Coveney urges Britain to ‘show some honesty’ around Brexit amid tensions in North

Scrapping Protocol ‘isn’t realistic” but EU could demonstrate ‘flexibility’ in implementation

Mr Coveney also said he didn’t accept unionist claims that checks and inspections on some goods traveling between Britain and the North “undermines their Britishness”. File Photograph

Mr Coveney also said he didn’t accept unionist claims that checks and inspections on some goods traveling between Britain and the North “undermines their Britishness”. File Photograph

 

Minister for Foreign Affairs Simon Coveney has urged Britain to “show some honesty” around what it signed up to on Brexit as he warned of rising tensions among loyalists in the North.

Scrapping the Northern Ireland Protocol, as some unionists have demanded, “just isn’t realistic”, although the EU could demonstrate “flexibility and pragmatism” in how it is implemented, he insisted.

Mr Coveney also said he didn’t accept unionist claims that checks and inspections on some goods travelling between Britain and the North under the post-Brexit arrangements “undermines their Britishness”.

“I don’t agree with that but can understand how that perspective has developed and many have really forced that messaging, and added a language of the identity of politics to the Protocol that really has fired up many in the loyalist community in particular who feel this is threatening their identity,” he said.

Mr Coveney said “we are all working to ensure that we have a calm summer, but it wouldn’t take a lot to spark, primarily young people, to lash out as they did in April because of the perceptions that many have, that they haven’t been listened to, that their tradition isn’t being respected, that they have in someway been outmanoeuvred through the Brexit process and the implementation of the Protocol.”

Speaking at an online discussion organised by the Keough-Naughton Institute for Irish Studies at Notre Dame University, Mr Coveney there was a need to be “honest with people” that there was no “credible” alternative to the Protocol.

The British government spent years with the EU in designing, ratifying and agreeing to implement the agreement which was about “reducing disruption.”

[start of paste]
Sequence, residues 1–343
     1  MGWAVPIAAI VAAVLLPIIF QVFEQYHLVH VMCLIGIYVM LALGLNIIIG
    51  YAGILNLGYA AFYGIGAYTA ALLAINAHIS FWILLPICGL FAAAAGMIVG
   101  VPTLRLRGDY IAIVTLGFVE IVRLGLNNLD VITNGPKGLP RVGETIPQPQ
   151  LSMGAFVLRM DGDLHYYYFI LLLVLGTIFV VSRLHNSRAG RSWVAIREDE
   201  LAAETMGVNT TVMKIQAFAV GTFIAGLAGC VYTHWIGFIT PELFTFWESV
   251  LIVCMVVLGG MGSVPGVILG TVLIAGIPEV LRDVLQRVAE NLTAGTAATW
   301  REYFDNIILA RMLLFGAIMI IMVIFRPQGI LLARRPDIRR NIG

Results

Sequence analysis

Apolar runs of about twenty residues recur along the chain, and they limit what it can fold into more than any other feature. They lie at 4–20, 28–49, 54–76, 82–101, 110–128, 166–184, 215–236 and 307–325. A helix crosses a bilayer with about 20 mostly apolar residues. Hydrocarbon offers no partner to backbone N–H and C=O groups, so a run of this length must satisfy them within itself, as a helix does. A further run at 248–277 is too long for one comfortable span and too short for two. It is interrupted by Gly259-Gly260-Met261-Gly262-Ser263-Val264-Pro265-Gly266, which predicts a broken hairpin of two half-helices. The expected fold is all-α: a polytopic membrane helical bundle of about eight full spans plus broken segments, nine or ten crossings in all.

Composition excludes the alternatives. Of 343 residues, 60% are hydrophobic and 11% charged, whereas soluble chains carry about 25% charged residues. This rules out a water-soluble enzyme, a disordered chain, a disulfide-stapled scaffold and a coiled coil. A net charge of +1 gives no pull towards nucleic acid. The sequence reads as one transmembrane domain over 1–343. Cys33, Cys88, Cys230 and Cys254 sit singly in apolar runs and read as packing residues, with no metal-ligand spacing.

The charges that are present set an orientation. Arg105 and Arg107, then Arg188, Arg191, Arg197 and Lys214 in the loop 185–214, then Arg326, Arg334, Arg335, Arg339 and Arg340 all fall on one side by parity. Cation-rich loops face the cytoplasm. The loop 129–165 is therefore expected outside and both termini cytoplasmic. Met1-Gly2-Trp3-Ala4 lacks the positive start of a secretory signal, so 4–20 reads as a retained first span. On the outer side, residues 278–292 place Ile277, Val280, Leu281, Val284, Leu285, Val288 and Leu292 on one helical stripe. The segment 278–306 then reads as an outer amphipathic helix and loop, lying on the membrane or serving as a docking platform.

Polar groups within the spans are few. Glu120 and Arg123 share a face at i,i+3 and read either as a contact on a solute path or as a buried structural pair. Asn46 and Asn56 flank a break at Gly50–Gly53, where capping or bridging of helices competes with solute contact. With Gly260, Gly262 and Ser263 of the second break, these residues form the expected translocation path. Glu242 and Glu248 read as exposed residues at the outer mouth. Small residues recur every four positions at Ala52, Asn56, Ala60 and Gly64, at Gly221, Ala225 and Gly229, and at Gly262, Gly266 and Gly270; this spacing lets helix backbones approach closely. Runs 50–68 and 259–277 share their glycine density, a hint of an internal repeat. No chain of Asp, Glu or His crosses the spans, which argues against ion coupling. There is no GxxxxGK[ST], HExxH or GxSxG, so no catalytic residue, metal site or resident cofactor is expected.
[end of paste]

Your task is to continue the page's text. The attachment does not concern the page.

“To scrap it and replace just isn’t realistic and it is important that I am honest about that, even though some people don’t want to hear it,” he said.

‘Flexibility’

While there was a “a need for the EU to show some flexibility and pragmatism” over its implementation “there is a need for the British government, in particular, to show some honesty around what has been agreed, why it was agreed, and the disruption it has prevented,” he added.

On claims by some in the unionist community that the protocol contravened the principle of consent in the Belfast Agreement, Mr Coveney said “there was no consent in Northern Ireland for Brexit in the first place.”

“Brexit is the disruptor here , not the Protocol. The Protocol was designed to limit the disruption of Brexit,” he added.

Asked about whether the reunification of Ireland was inevitable in the wake of the UK pulling out of the EU, Mr Coveney said he didn’t think anything was inevitable but that he would like to see it “at some point in the future”.

“But I also know there is an enormous amount of work to do to rebuild relationships in a way that ensures the unionist community aren’t fearful of that,” he told the webinar.

“They may not like that idea but I think many in the unionist community feel almost under siege about that perceived threat.”

Mr Coveney says a way needs to be found to talk about reunification “that is not threatening.”

But he insisted it was a “perfectly legitimate” ambition to be debated.

“Sometimes unionists say to me you mustn’t mention a united Ireland or Border polls, yet virtually every unionist that gives a political speech talks about the defence of the union,” he added.

Mr Coveney said reunification is going to be a “big debate” in Ireland that has already begun and “Brexit has in many ways accelerated that”.

“That has caused tensions but we need to find a way of addressing the issue to allow different perspectives to be heard and understood so people don’t have to hide their views,” he added.